The ancient necropolis includes the royal burial cluster of the Temenids, which consists of 21 tombs dating from the 6th to the 3rd century BC.
“We must pass on to the next generations – with the principles of sustainability… our monuments and cultural heritage that are directly connected to our national identity,” Culture Minister Lina Mendoni said during the site’s recent inauguration.
The park was created by the Imathia Ephorate of Antiquities under Central Macedonia’s regional operational program for the “protection and promotion of the cemetery of tumuli and the royal burial cluster of the Temenids (2012-2015)”.
A total of 7,500 local trees have been planted in the archaeological park, while protection canopies have been placed on tombs and in the oldest part of the royal burial cluster.
“Greece must invest in culture. Our tourism product can become competitive only through culture interventions,” Mendoni added.
Aigai has been declared a UNESCO World Heritage site.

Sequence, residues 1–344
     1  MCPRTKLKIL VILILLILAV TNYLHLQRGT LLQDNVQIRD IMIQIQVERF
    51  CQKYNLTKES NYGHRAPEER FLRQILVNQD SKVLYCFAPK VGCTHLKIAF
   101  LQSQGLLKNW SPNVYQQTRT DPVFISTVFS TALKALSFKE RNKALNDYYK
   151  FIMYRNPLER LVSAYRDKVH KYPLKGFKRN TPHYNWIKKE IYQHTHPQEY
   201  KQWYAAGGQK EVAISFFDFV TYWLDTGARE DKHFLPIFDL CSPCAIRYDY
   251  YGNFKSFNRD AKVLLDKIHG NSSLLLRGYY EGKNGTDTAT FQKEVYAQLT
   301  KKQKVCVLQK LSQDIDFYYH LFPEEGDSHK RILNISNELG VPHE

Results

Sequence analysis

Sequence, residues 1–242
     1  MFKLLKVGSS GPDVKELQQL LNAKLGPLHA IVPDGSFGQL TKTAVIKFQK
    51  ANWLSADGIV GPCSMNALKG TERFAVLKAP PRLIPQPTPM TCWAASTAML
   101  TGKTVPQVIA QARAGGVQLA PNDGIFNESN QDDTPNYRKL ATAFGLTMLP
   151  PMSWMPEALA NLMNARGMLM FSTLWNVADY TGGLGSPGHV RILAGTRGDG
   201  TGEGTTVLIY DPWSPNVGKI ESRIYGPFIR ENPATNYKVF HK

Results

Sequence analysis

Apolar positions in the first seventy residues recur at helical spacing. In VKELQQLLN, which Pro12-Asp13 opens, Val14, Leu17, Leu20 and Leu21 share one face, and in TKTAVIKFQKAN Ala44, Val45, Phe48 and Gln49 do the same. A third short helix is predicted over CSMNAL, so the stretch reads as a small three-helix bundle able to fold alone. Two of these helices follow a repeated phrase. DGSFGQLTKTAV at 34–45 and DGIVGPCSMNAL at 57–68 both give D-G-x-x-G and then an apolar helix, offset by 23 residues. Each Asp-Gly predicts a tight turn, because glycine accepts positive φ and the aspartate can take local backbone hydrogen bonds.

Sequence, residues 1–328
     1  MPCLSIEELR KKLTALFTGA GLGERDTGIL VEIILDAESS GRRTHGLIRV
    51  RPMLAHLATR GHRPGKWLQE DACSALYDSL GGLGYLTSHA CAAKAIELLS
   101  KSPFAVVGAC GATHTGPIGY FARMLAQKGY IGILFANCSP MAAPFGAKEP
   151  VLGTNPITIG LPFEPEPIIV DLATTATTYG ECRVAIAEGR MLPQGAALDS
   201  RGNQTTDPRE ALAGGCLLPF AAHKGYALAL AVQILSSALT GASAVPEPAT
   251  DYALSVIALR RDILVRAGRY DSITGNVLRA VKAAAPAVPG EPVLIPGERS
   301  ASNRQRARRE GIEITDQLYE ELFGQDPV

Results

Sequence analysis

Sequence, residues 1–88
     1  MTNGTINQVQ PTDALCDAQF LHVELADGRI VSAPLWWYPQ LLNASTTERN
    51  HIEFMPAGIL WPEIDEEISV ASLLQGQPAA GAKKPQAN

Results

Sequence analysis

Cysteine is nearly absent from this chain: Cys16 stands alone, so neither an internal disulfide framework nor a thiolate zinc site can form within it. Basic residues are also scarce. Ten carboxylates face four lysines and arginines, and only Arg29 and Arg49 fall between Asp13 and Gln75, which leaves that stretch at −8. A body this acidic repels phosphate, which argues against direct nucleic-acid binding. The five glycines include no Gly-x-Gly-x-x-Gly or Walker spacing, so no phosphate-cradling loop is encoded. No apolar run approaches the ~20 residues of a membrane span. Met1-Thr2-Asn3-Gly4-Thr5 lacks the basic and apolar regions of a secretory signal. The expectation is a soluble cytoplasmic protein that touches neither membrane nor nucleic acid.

Also present at the event was Central Macedonia Governor Apostolos Tzitzikostas who highlighted the need to support culture as a pillar for the development of Greece’s economy.
“It is our obligation and duty to support archaeological work and the culture of our country,” he said also adding that over 45 million euros have been allocated for cultural projects during the last 13 years.
During her visit to Imathia, Lina Mendoni also visited the church of Agios Dimitrios Palatitsion. Built in the 16th century the church is located at the easternmost point of the Aigai necropolis. It was restored during 2017-2019 and has now reopened its doors to the public.
Mendoni and Tzitzikoastas also visited the new Polycentric Museum of Aigai that is under construction and will open its doors in 2022.